The laser beams enter at the top and bottom of the cylinder and vaporize it. That generates an internal attack of X-rays that compresses a BB-sized fuel pellet of carefully frozen deuterium and tritium, the heavier forms of hydrogen. In a short moment the imploding atoms melt together.
Since the first promising results in 2014, the NIF scientists have been tinkering with the design of the experiment. The capsules containing the hydrogen are now made of diamond instead of plastic — not because diamond is stronger, but because it absorbs X-rays more easily. The scientists modified the design of the gold cylinder and laser pulse to minimize instabilities.
The scientists now also have better diagnostic tools.
After years of only modest improvements, the combinations of adjustments began to pay off, and the calculations indicated that the August 8 shot could triple what NIF had produced in the spring. Instead, the profit was a factor of eight, much more than had been predicted.
“I think everyone was surprised,” said Dr. Herrmann. Part of the current analysis is figuring out which changes have worked so well.
NIF itself cannot serve as a blueprint for a future power plant. The lasers are inefficient and can only fire once a day. A laser fusion plant would have to vaporize hydrogen pellets at a rate of several per second.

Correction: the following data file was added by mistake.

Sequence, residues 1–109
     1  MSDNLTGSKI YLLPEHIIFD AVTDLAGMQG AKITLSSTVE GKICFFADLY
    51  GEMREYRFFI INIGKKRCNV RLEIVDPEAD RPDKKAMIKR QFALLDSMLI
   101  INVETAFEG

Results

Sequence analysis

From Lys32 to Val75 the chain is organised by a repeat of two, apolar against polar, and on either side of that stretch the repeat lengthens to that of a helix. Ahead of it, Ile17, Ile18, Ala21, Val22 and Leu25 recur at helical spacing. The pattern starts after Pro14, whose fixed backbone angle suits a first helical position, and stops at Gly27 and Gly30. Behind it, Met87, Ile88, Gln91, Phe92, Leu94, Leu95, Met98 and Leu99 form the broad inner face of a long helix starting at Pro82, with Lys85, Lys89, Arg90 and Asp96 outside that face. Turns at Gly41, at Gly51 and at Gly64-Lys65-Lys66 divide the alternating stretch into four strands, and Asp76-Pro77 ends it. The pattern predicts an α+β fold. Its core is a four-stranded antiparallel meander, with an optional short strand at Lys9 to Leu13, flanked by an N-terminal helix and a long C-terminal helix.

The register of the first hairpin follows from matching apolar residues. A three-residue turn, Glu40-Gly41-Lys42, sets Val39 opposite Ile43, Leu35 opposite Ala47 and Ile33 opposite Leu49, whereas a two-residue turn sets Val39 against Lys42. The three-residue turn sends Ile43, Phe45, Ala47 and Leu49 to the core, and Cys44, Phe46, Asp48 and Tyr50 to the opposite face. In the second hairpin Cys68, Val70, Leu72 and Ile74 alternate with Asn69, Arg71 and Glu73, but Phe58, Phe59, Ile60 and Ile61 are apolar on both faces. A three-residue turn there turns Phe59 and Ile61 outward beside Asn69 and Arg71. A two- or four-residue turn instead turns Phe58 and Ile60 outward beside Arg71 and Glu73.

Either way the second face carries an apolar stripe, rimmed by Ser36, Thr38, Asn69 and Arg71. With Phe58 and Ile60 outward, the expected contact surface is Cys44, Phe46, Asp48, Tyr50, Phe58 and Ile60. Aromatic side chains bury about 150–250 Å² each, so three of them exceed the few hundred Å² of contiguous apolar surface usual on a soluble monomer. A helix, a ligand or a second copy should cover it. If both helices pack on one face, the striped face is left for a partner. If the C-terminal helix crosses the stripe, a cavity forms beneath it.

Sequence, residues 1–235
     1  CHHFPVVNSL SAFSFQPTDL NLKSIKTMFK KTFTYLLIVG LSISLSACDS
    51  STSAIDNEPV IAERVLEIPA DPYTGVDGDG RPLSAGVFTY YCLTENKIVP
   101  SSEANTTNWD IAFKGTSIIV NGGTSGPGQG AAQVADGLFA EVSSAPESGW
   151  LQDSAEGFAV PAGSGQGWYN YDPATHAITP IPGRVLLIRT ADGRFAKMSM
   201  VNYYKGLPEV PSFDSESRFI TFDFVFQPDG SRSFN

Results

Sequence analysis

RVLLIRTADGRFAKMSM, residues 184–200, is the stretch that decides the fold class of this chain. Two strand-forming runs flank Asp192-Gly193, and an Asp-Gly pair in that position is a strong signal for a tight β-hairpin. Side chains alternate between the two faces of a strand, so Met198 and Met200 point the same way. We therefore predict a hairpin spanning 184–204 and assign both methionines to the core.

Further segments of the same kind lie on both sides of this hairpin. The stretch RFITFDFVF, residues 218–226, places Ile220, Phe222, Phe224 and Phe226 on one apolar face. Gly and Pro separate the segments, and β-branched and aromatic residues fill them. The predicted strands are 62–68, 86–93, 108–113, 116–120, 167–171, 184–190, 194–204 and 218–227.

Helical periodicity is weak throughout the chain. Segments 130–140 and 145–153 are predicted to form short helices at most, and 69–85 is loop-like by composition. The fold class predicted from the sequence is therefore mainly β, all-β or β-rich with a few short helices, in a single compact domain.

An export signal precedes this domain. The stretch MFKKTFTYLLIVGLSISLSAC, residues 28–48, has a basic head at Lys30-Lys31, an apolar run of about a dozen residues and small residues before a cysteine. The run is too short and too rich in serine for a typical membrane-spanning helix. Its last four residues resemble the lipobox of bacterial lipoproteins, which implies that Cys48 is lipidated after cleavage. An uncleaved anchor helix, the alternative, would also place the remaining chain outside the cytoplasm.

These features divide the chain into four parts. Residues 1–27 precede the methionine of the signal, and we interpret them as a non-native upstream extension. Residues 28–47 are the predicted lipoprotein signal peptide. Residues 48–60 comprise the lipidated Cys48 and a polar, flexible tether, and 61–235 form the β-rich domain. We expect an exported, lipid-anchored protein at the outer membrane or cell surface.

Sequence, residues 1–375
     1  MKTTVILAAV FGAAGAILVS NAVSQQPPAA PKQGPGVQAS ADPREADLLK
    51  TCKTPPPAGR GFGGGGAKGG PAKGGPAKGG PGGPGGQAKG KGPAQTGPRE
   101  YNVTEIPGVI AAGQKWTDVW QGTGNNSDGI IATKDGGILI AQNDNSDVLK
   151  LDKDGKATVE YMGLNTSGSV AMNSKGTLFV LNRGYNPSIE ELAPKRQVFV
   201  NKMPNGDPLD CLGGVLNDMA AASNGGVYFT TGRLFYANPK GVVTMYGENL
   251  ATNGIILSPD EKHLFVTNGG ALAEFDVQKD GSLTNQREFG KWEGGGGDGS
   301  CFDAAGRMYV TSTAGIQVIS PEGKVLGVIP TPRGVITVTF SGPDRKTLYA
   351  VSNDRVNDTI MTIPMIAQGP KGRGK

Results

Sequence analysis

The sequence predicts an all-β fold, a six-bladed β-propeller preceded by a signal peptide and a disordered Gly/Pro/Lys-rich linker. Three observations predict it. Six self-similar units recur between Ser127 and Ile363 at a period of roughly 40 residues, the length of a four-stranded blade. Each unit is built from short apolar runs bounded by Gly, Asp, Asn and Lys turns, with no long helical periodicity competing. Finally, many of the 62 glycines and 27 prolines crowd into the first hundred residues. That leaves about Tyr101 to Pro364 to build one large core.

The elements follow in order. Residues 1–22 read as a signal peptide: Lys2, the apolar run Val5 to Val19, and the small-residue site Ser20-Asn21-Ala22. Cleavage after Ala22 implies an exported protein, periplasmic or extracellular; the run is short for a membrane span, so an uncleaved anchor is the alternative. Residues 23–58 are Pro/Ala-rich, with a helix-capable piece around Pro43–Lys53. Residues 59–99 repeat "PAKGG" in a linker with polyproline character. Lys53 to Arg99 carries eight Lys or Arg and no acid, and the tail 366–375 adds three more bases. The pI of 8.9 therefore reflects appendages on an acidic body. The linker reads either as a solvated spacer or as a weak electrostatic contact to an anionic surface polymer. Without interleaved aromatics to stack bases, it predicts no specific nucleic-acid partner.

dr. Glenzer said SLAC was working on a laser system that would run at a lower power but fire much faster. He said he hoped fusion, which has been eclipsed by solar and other energy technologies in recent years, would regain importance in efforts to replace fossil fuels.
Federal funding for fusion research is low, even though the Biden administration has placed an emphasis on mitigating climate change.
“Sometimes it happens that you get the best results in the worst year of your funding,” said Dr. glenzer.
Although Dr. Bodner prefers an alternative approach to the one in the current experiment, he said the NIF result pointed to a path forward.
“It shows the skeptic that there is nothing fundamentally wrong with the laser fusion concept,” he said. “It is time for the US to move forward with a large-scale laser fusion energy program.”
Lasers are not the only approach aimed at harnessing fusion for future power plants.
Scientists have also used doughnut-shaped reactors called tokamaks, which use magnetic fields to trap and compress the hydrogen fuel. In the late 1990s, the Joint European Torus experiment in England was able to generate 16 million watts of fusion power for a brief moment, about 70 percent of the way to produce as much power as it consumed. An international project called ITER is now building a larger tokamak reactor in France, which is expected to run by 2025.